Alice Dunn

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Walk­ing Through Lon­don with Sher­lock Holmes

If we could fly out of that win­dow hand in hand, hover over this great city, gen­tly re­move the roofs, and peep in at the queer things which are go­ing on […] it would make all fic­tion with its con­ven­tion­al­i­ties and fore­seen con­clu­sions most stale and un­prof­itable.

The con­cept of stale and un­prof­itable fic­tion must have been an un­fa­mil­iar one to Sir Arthur Co­nan Doyle when Sher­lock Holmes ut­tered these words to Dr Wat­son in his short story, ‘A Case of Iden­tity’. Hot on the trail of A Study in Scar­let, the novel that first in­tro­duced Holmes to read­ers in Bee­ton’s Christ­mas An­nual in 1887 and proved so pop­u­lar it was re­leased in book form just six months later, the Sher­lock Holmes sto­ries were in high de­mand. Co­nan Doyle wrote The Sign of Four next in 1890, un­der com­mis­sion and in se­rial form. It was pub­lished as a sin­gle vol­ume later that year.

Co­nan Doyle drew more con­vinc­ing ob­ser­va­tions from real life in his as­tute de­scrip­tions of Lon­don. He needed to demon­strate Holmes’s ‘ex­act knowl­edge’ of the city, after all. The re­la­tion­ship be­tween Sher­lock Holmes and the cap­i­tal is a com­pelling one. Co­nan Doyle had just moved to Lon­don when he con­ceived the idea of Sher­lock Holmes as a short story. The Ad­ven­tures of Sher­lock Holmes, which cel­e­brates the one hun­dred and twenty-fifth an­niver­sary of its pub­li­ca­tion as a col­lec­tion in Oc­to­ber this year, was writ­ten en­tirely in Lon­don. The first five sto­ries were writ­ten while he lived near the Bri­tish Museum and the fol­low­ing seven were penned from his newly pur­chased home in South Nor­wood.

Co­nan Doyle de­scribed his Lon­don with ad­mirable ac­cu­racy. For the most vivid im­ages of busy and smoke-filled Lon­don streets we should, iron­i­cally,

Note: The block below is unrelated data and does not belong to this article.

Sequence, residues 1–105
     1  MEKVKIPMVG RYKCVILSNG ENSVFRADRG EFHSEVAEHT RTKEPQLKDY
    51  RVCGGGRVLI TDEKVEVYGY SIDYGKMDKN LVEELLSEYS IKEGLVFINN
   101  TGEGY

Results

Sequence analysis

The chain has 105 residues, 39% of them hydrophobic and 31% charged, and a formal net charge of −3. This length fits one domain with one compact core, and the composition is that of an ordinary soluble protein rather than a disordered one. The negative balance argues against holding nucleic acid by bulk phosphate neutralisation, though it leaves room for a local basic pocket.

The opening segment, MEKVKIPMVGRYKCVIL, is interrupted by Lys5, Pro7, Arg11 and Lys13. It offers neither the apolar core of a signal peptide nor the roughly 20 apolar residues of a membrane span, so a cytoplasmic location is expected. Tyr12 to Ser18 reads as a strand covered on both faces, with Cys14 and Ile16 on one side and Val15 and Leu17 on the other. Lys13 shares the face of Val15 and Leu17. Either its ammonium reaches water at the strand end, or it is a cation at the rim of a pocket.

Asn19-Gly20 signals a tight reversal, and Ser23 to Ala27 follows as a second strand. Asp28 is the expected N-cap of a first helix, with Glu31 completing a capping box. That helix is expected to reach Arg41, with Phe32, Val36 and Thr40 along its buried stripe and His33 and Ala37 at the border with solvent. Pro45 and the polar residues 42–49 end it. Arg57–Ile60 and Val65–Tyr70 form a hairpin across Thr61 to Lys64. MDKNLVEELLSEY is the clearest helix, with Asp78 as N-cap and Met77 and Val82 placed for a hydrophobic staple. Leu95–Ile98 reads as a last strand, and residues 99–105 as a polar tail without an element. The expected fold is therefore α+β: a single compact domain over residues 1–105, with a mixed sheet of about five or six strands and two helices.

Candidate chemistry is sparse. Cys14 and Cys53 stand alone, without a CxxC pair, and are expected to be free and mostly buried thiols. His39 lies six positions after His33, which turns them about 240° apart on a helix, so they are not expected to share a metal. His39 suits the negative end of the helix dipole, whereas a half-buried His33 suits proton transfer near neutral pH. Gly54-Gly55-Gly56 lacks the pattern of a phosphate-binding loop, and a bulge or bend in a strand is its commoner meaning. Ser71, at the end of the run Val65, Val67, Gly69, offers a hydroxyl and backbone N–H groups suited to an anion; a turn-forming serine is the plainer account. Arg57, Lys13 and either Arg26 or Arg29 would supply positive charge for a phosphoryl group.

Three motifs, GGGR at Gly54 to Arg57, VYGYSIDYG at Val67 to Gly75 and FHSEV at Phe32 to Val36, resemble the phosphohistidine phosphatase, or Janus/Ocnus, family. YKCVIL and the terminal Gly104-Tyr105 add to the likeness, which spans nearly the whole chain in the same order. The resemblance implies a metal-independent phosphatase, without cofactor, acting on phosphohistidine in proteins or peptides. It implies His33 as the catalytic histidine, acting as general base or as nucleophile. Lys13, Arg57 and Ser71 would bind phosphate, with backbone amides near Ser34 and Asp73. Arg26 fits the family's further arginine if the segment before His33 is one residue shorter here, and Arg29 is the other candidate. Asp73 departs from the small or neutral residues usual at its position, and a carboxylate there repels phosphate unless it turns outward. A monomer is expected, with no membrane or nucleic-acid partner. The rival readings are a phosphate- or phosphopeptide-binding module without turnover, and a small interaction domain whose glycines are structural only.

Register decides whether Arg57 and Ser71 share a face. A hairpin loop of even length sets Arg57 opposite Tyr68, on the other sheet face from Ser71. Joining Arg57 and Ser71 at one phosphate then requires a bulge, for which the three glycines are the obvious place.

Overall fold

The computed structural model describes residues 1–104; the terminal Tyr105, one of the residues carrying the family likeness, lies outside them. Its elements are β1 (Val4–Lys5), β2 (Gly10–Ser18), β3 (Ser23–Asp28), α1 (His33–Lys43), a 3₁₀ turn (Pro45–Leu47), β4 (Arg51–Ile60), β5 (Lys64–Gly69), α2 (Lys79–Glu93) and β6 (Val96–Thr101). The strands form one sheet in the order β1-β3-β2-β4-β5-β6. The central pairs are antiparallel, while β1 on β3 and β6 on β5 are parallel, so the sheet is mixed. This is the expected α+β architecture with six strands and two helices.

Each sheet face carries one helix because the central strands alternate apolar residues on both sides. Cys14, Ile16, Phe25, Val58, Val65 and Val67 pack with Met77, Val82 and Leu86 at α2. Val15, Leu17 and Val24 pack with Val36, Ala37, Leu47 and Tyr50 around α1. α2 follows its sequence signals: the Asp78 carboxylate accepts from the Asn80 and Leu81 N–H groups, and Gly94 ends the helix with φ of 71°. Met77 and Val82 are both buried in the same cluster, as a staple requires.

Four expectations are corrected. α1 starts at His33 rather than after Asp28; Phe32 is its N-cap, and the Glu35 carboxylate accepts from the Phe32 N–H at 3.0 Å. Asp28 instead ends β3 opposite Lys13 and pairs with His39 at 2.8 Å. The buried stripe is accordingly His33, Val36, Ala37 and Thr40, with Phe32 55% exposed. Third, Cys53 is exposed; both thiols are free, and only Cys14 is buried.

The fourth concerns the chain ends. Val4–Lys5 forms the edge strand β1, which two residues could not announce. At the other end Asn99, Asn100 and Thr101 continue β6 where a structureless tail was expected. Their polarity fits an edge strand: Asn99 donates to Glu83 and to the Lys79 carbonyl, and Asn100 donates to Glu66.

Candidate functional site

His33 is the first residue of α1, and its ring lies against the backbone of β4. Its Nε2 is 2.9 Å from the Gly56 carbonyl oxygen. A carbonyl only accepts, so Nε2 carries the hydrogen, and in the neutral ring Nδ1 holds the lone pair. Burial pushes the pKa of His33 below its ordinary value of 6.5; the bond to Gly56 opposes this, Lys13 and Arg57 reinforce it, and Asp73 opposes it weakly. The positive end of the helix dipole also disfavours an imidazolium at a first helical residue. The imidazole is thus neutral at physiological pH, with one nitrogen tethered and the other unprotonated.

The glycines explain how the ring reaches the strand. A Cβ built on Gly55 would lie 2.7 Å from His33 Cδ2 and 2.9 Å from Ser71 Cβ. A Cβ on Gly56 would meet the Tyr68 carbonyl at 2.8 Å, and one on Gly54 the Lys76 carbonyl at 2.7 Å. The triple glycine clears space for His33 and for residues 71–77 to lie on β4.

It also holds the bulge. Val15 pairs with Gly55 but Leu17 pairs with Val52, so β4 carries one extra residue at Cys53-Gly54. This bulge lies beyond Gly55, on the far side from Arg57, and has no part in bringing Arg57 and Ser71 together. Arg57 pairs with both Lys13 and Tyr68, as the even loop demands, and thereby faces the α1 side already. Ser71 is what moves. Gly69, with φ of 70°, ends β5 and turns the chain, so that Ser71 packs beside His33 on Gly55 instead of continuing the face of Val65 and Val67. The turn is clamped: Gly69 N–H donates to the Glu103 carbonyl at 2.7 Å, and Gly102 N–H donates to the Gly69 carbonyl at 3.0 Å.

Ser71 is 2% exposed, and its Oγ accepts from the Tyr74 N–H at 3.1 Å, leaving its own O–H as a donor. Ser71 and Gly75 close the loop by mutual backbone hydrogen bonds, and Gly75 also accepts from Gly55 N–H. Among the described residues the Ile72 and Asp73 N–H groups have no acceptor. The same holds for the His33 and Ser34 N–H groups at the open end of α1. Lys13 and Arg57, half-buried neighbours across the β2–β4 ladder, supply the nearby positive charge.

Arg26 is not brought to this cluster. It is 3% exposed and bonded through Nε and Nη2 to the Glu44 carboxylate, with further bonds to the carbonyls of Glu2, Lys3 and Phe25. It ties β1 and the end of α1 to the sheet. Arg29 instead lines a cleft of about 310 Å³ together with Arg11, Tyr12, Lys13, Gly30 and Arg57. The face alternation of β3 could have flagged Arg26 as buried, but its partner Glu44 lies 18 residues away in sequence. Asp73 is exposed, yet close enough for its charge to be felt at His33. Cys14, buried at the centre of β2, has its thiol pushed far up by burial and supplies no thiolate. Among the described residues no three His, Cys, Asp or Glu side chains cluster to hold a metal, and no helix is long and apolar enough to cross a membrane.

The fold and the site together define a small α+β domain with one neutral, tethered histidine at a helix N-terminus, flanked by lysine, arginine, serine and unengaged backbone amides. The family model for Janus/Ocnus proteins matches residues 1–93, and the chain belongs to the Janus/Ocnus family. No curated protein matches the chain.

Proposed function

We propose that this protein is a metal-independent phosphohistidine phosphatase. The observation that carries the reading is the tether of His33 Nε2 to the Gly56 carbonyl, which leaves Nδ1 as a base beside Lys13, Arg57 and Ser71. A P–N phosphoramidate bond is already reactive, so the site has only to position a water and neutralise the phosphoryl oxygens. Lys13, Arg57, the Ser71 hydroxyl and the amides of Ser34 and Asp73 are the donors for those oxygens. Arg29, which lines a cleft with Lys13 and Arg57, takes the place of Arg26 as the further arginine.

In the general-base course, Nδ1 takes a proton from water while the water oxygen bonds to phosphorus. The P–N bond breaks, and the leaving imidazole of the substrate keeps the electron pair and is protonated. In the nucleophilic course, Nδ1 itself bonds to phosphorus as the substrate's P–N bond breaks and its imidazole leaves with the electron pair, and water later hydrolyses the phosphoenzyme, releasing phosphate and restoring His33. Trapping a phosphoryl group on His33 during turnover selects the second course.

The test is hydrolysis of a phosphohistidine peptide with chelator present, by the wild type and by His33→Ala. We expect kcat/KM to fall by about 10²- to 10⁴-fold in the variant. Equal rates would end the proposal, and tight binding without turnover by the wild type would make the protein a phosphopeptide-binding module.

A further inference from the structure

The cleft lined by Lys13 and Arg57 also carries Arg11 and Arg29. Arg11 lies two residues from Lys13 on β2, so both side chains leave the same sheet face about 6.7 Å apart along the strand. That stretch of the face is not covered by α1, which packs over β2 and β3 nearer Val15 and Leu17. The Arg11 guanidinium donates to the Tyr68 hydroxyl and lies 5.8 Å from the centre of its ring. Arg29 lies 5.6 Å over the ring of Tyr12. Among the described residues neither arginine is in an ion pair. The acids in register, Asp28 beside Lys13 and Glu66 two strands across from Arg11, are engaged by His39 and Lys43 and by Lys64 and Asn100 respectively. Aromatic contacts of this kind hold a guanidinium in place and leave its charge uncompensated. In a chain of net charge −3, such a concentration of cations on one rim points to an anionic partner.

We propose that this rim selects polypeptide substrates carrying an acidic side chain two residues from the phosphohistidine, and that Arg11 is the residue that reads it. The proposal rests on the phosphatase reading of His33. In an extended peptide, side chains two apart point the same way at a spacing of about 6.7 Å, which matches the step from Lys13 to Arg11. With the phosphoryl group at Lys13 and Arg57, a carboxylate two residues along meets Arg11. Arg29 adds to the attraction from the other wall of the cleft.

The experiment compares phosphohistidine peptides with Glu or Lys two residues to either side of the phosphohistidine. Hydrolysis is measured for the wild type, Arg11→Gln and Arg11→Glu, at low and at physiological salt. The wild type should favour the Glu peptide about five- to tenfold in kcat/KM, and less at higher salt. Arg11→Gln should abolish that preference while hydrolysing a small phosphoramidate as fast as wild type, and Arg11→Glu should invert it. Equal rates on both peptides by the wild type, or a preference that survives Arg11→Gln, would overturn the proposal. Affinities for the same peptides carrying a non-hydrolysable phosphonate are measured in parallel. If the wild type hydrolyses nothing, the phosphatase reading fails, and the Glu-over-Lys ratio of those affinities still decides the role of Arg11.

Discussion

turn to ‘The Blue Car­bun­cle’, a story about the re­cov­ery of a beau­ti­ful blue stone ‘of such pu­rity and ra­di­ance.’ Holmes ini­tially dis­misses the case as a sim­ple in­ci­dent that is bound to hap­pen ‘when you have four mil­lion hu­man be­ings all jostling each other within the space of a few square miles.’ He was al­most right. Be­tween 1890 and 1940 the pop­u­la­tion of Greater Lon­don is said to have in­creased by three mil­lion, from over 5.5 mil­lion to over 8.5 mil­lion. Lon­don re­sem­bled a tu­mul­tuous build­ing site that strug­gled to ac­com­mo­date its in­hab­i­tants and had to cre­ate space for mod­ern trans­port.

In or­der to make way for new train tracks, rail­way com­pa­nies pur­chased the prop­er­ties of the poor (they could not af­ford to buy from the rich). His­to­rian Peter Ack­royd es­ti­mates that 100,000 peo­ple were dis­placed in the process. At every turn, Lon­don was chang­ing, and al­ways chaot­i­cally. The Build­ing News and En­gi­neer­ing Jour­nal of 1881 de­scribes the lack of uni­fied vi­sion that re­sulted in clashes of ar­chi­tec­tural styles: